‘Relationships with professors are already impersonal’: UC Davis reacts to influx of students

An email from Chancellor announced more freshies and transfers on campus

Earlier this month the Chancellor Interim at UC Davis sent out an email detailing this year’s increase in students.

Student enrollment has increased by about 700 students since last year to become a total of 9,100, not including the 8,000 new graduate students – in other words, the campus is more crowded compared to last year.


The email from Ralph J. Hexter, acting Chancellor

Some people might feel welcome towards the larger influx of Davis guys and gals with the knowledge of a new lecture hall to come in 2018. Others, like myself, are probably a little bit sickened by the thought of those impacted courses, for the sake of those poor freshies.

I’m sure lots of us recall sitting in one of their science prereqs and sometimes being unable to find a seat, even in as big a hall as the SciLec.


Students despair at the excess people

Joan Vu who is a third year has an optimistic view of the higher number of students.

“I kinda feel good about it. A lot more people get a better chance of doing what they want going to a UC. So overall, I think it’s a good thing.  It also depends how the school handles the influx of students. If they handle it well, [UC Davis] can take responsibility for their students. If they don’t handle it well, the students are going to be upset about it.”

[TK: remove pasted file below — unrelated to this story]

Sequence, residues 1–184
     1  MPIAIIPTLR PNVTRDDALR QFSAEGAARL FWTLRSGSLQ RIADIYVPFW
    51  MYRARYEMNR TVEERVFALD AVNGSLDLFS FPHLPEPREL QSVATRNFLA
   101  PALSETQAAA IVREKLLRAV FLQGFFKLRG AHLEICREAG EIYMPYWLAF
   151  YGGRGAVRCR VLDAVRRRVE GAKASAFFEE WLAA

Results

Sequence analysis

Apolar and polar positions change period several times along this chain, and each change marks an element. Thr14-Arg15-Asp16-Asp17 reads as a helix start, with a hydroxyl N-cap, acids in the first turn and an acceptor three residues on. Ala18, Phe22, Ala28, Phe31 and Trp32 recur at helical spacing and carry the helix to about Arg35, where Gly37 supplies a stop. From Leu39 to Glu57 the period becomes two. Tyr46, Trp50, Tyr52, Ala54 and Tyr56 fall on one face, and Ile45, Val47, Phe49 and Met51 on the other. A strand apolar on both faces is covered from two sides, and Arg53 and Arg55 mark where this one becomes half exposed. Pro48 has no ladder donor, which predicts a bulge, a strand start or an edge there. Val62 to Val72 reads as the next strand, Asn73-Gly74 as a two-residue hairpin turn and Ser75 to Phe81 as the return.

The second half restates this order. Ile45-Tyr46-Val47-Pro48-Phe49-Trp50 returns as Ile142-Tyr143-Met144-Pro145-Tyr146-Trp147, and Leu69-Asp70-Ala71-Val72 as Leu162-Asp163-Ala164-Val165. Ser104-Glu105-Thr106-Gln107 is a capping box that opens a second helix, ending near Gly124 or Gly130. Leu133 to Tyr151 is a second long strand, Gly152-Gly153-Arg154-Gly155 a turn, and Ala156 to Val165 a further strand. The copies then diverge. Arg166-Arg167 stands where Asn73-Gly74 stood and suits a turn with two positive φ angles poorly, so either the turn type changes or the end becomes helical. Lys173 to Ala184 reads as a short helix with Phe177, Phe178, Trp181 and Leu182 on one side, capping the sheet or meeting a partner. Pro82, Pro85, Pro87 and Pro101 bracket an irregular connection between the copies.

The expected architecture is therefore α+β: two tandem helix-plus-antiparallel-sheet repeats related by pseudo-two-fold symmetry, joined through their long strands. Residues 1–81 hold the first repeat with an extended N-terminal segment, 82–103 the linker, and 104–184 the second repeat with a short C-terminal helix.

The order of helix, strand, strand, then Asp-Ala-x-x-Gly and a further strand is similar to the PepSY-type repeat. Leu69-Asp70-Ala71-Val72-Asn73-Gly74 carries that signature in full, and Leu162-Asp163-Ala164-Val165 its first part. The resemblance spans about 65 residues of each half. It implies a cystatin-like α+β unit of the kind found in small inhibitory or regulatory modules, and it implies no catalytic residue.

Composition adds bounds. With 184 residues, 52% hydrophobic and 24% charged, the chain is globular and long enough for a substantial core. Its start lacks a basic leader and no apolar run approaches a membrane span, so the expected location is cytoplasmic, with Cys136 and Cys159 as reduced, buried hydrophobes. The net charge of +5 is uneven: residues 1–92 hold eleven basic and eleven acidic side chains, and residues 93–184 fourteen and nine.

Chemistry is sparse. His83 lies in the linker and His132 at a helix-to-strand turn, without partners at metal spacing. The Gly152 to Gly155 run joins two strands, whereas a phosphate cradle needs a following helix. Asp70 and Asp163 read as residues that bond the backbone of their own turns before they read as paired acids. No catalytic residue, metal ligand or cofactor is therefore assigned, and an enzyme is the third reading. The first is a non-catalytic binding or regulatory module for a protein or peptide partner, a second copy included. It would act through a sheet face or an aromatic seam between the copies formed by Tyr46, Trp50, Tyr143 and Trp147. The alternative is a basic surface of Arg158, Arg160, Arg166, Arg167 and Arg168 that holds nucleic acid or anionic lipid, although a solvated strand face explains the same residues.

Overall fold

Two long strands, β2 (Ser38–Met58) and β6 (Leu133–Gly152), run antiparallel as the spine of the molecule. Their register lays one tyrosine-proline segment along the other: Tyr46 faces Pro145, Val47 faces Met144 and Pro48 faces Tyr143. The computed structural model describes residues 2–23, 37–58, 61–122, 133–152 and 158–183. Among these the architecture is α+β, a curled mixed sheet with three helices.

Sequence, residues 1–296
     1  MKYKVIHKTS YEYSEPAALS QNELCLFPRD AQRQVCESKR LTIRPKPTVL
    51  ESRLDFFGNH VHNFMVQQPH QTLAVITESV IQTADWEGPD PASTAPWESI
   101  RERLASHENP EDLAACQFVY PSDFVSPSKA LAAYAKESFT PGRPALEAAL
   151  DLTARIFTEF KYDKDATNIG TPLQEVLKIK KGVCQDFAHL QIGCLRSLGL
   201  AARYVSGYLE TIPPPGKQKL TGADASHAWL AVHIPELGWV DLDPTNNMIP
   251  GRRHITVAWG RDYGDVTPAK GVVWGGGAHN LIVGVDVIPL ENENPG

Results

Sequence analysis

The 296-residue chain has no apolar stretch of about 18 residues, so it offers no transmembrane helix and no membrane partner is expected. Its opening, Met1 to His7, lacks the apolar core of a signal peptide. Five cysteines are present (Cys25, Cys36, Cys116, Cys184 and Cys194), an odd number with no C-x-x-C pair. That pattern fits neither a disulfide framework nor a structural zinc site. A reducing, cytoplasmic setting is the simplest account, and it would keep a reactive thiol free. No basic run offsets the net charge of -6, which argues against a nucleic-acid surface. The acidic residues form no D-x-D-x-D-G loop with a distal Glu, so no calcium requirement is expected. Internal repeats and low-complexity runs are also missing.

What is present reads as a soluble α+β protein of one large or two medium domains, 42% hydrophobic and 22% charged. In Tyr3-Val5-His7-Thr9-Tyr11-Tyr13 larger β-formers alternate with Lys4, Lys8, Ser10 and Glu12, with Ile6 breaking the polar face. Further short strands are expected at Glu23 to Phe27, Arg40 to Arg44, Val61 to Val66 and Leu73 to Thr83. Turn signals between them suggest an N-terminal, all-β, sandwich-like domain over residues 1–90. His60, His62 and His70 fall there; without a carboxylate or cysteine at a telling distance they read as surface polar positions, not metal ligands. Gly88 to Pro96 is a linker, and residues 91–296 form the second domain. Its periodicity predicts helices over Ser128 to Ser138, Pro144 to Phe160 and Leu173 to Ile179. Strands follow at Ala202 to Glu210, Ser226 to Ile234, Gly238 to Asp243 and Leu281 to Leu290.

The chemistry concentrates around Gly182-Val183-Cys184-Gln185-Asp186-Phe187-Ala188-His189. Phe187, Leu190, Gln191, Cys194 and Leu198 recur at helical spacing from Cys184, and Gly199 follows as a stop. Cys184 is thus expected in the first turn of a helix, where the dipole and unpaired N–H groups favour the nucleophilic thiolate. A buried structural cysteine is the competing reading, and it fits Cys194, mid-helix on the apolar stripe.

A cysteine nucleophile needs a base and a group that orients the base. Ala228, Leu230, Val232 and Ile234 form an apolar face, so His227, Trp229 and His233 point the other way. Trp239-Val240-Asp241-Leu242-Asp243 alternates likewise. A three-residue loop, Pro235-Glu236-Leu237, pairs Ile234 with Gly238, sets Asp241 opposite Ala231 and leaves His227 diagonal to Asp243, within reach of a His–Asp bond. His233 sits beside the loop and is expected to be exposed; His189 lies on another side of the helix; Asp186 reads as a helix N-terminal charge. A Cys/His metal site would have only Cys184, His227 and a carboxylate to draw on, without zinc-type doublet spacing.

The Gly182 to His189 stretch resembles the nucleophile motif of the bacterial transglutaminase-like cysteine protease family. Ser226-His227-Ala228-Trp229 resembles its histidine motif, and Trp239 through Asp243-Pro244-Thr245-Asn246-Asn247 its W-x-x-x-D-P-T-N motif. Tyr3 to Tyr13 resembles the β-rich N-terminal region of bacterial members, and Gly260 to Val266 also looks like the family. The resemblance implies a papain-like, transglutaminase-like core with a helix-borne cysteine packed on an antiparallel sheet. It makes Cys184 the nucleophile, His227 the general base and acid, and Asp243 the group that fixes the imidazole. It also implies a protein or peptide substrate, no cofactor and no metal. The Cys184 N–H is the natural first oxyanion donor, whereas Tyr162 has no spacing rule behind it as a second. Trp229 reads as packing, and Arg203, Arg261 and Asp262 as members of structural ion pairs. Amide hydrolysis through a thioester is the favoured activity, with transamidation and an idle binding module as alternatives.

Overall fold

2nd year Sid Selvakumar is an NPB major agreed:

“I think it feels the same. If it doesn’t die down, then it’s gonna feel different.  But I feel like it’s gonna die down.”

4th year Henry Le had the same thought: “It feels the same. People stop coming to campus. It’s conditional, we don’t know yet.”


UC Davis student in front of a busy roundabout

Alfredo Amaya, who graduated as a Chicano Studies major seemed more unsure, saying:

“I have mixed feelings about it.  It gives more students the opportunity to study at UC Davis. That said, I feel bad.  I’ve experienced some discussion sections with 60 students. You don’t get that much experience with the professor.”

Second year psych major, Dana Hever, said she hadn’t really noticed:

“Class sizes last year were pretty large, so relationships with professors are already impersonal. I’m in a Psych class right now with 400.” The school ended up opening another Psychology class.

“I’m glad they did that because Psych is my major. Otherwise,” she laughed, “I would’ve been kinda screwed.”


Ray is a second year at UC Davis

Ray Woffinden, a second year, is double-majoring in computer science and music performance:

“It’s more people to join the clubs… and fill them up,” he said. Ray is in Model UN Club. “It’s more difficult to get in waitlisted classes. It has its pros and cons. My brother’s a senior in high school, he gets a better chance of getting in.”

Finally, Chase Caligiuri is a 2nd year History major:

“The university and the town are unprepared,” they said. “The prices for leases and rent will go up, and there’s not enough housing.

“There will be decreased quality of life and living conditions for students… I think we should expand the student population but we should address the problems”.

UC Davis